also developed a well-integrated information technology system to link its health professionals and its services.

The VA uses NPs as primary care providers to care for patients across all settings, including inpatient and outpatient settings. In addition to their role as primary care providers, NPs serve as health care researchers who apply their findings to the variety of settings in which they practice. They also serve as educators, some as university faculty, providing clinical experiences for 25 percent of all nursing students in the country. As health care leaders, VA NPs shape policy, facilitate access to VA health care, and impact resource management (VA, 2007).

The results of the VA’s initiatives using both front-line RNs and APRNs are impressive. Quality and outcome data consistently demonstrate superior results for the VA’s approach (Asch et al., 2004; Jha et al., 2003; Kerr et al., 2004). One study found that VA patients received significantly better health care—based on various quality-of-care indicators6—than patients enrolled in Medicare’s fee-for-service program. In some cases, the study showed, between 93 and 98 percent of VA patients received appropriate care in 2000; the highest score for comparable Medicare patients was 84 percent (Jha et al., 2003). In addition, the VA’s spending per enrollee rose much more slowly than Medicare’s, despite the 1996 expansion of the number of veterans who could access VA services. After adjusting for different mixes of population and demographics, the Congressional Budget Office determined that the VA’s spending per enrollee grew by 30 percent from 1999 to 2007, compared with 80 percent for Medicare over the same period.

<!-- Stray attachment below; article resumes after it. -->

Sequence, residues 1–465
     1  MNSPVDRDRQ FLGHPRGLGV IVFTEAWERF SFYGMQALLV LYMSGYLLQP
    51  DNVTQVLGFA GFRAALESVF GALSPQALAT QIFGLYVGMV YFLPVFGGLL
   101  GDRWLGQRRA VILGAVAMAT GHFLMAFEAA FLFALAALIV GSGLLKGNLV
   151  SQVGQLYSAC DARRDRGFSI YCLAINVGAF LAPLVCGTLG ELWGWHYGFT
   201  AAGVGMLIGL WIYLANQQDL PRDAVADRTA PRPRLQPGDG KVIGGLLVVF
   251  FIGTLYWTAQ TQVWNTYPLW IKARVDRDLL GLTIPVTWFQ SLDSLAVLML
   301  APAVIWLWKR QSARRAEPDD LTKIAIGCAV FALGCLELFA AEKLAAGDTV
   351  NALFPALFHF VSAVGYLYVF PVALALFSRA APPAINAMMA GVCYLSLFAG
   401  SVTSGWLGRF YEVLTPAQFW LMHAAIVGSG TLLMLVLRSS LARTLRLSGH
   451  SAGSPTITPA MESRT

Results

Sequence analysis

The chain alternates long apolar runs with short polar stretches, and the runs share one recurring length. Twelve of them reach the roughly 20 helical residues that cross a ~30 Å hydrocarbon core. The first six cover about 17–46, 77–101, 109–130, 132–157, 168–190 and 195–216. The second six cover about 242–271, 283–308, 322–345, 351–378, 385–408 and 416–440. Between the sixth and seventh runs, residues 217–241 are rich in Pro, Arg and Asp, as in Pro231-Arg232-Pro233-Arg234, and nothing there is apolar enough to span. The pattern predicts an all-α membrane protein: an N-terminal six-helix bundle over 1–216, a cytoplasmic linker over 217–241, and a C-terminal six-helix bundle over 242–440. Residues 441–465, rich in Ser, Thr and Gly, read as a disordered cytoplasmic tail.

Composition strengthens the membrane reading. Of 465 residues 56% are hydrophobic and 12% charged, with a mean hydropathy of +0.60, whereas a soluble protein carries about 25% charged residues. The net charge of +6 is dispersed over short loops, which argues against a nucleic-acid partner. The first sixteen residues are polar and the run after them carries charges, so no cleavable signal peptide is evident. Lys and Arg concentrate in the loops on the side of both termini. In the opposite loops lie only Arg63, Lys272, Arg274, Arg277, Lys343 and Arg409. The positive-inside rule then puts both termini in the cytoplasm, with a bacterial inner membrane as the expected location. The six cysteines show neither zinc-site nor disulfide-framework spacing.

Geisinger Health System7

The Geisinger Health System employs 800 physicians; 1,900 nurses; and more than 1,000 NPs, physician assistants, and pharmacists. Over the past 18 years, Geisinger has transformed itself from a high-cost medical facility to one that provides high value—all while improving quality. It has borrowed several restructuring concepts from the manufacturing world with an eye to redesigning care by focusing on what it sees as the most critical determinant of quality and cost—actual caregiving. “What we’re trying to do is to have [our staff] work up to the limit of their license and … see if redistributing caregiving work can increase quality and decrease cost,” Glenn Steele, Geisinger’s president and CEO, said in a June 2010 interview (Dentzer, 2010).

Numerous improvements in the quality of care, as well as effective innovations proposed by employees, have resulted. For example, the nurses who

6

Quality-of-care indicators included those in preventive care (mammography, influenza vaccination, pneumococcal vaccination, colorectal cancer screening, cervical cancer screening), outpatient care (care for diabetes [e.g., lipid screening], hypertension [e.g., blood pressure goal <140/90 mm Hg], depression [annual screening]), and inpatient care (acute myocardial infarction [e.g., aspirin within 24 hr of myocardial infarction], congestive heart failure [e.g., ejection fraction checked]).

7

See http://www.geisinger.org/about/index.html.



The National Academies | 500 Fifth St. N.W. | Washington, D.C. 20001
Copyright © National Academy of Sciences. All rights reserved.
Terms of Use and Privacy Statement